Day 122: May 2, 2013

Today's Reading(s)

Matthew 17:14-21 Read Online
Mark 9:14-29 Read Online
Luke 9:37-43a Read Online

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Today's Reflection

Key Verse(s)

And He told them, “This kind can come out by nothing but prayer [and fasting].”

—Mark 9:29

Let the Healing Come
by Denise Hildreth Jones, Member of Brentwood Baptist, Brentwood Campus

The fast this year brought about some nasty side affects. There was the perpetual stomach growling, the nasty headaches, the nastier attitude—and add to the equation that I had to call Comcast in the middle of all of it. You can be pretty certain there wasn't much holy happening. In fact, there was even question as to why I was doing it at all.

But when I doubt the "why," I’m struck by the words of Matthew 17:21 and Mark 9:29: “this kind can only be cast out by prayer and fasting.” And I'm also struck by Jesus' words in the Sermon on the Mount where He says, “When you pray... When you fast.”

I’ve come to believe that fasting, combined with prayer, is one of the most underutilized weapons in the arsenal of the believer.

The world has gotten darker, the enemy more vicious, the battle lines more clearly drawn than they’ve been in the history of our world. The enemy is on the prowl. And all of these truths make it clearer to my heart that I’m in desperate need of God. All of Him. And all that He has to offer.

And I’ve discovered that times of fasting and dedicated prayer, once I get my body emptied of its automatic responses of nastiness, bring me to a place of sweet communion—an even greater place of faith. And in that place of faith, I see God move.

The boy was demon possessed. This father was desperate. He brought him to Jesus' disciples first. That proved fruitless. So he brought him to Jesus. The heart culture of that generation frustrated Jesus. He saw them as unbelieving and unresponsive. And He knew He could do so much with just a little belief—a mustard seed type of belief.

Wow! He could move mountains with that. So He challenged them in their place of faith, while reminding them that nothing is impossible. And while adding still that this came about only through fasting and prayer. Two tools that they were yet to fully utilize because Jesus was still present with them.

Today isn't much different. Lives have been crippled by Satan and his schemes. Families are desperate. And so they bring their needs, their crippled, their diseased to us. They bring their needs to God's disciples and say, "I need healing." And our heads turn around as if to search the room for someone who’s qualified.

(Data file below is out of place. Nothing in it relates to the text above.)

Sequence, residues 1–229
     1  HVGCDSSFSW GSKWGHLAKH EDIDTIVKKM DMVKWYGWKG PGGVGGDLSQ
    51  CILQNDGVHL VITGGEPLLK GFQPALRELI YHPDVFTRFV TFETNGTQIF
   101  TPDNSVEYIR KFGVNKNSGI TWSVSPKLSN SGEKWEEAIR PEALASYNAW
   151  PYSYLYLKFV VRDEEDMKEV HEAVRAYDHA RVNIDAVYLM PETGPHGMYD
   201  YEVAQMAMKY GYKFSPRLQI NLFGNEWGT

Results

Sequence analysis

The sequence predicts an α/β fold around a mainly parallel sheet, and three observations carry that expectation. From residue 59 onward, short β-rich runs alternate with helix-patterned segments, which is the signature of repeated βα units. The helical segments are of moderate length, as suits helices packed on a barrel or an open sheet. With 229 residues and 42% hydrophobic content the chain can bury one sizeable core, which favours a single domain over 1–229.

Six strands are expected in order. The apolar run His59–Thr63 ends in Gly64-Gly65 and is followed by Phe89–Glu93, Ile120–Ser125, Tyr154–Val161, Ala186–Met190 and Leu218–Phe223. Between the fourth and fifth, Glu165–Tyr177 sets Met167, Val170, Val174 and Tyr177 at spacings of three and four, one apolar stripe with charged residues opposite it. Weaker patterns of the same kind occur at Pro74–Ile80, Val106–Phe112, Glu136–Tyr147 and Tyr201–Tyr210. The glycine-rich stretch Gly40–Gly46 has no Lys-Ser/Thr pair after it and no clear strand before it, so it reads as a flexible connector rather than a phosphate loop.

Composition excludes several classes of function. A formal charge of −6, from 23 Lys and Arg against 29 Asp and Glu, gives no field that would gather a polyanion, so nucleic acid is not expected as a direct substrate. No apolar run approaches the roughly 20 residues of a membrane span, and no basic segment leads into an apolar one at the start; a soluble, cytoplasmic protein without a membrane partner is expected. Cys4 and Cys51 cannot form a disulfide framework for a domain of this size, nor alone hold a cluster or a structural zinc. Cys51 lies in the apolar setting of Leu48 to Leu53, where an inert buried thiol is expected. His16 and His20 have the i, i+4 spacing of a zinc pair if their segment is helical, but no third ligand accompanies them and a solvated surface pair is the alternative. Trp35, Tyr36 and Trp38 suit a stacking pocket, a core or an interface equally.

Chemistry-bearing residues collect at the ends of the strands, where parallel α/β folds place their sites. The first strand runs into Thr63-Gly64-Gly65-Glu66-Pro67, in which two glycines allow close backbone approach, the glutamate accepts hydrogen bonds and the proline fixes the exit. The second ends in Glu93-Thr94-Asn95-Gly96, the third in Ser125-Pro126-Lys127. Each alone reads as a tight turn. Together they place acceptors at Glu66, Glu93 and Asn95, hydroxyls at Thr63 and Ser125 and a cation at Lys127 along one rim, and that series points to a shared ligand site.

But we have what’s needed. When we begin to use this beautiful gift of fasting and combine it with the privilege of prayer and direct access to God, our faith rises to places that can look at the broken, hurting, diseased souls of our culture and offer them the hope and healing they so desperately need.

I'm not a huge fan of giving up fried chicken or McDonald's Cokes for extended periods of time. I'm not even a huge fan of giving up television or social media for extended periods of time, if that’s the kind of fast I feel called to.

But I’m desperate to see God move and lives healed and my own family transformed. If that means that faith for that kind of healing is found when I fast and pray, then may each stomach growl bring me to my knees. And may my faith grow. And let the healing come.

Reflection Questions

  1. What are some places of healing in your life or in the life of others that you desperately need God to move in?
  2. Have you ever fasted? Why or why not?
  3. Do you think a time of fasting could be a useful tool combined with prayer to invite God into these situations of your life? What do you think might be accomplished?

I encourage you to begin to ask God what fasting might look like for you in this season of your life. And there are some wonderful books on fasting that could illuminate the power of this discipline in your life as well:

Fasting for Spiritual Breakthrough: A Guide to Nine Biblical Fasts (Elmer L. Towns)

Fasting: Opening the door to a deeper, more intimate, more powerful relationship with God (Jentezen Franklin)

About the Author

Denise Hildreth Jones
» Blog/Website

Denise Hildreth Jones has been a member at Brentwood Baptist since 2012. She’s married to Philly Jones and is the bonus-mom to their five active children. Author of ten books, she leads a ministry called Reclaiming Hearts and blogs in her Monday Musings column at Her best days are accompanied by a cold Coca-Cola, a good book, SEC football, and backyard soccer games with her five kiddos.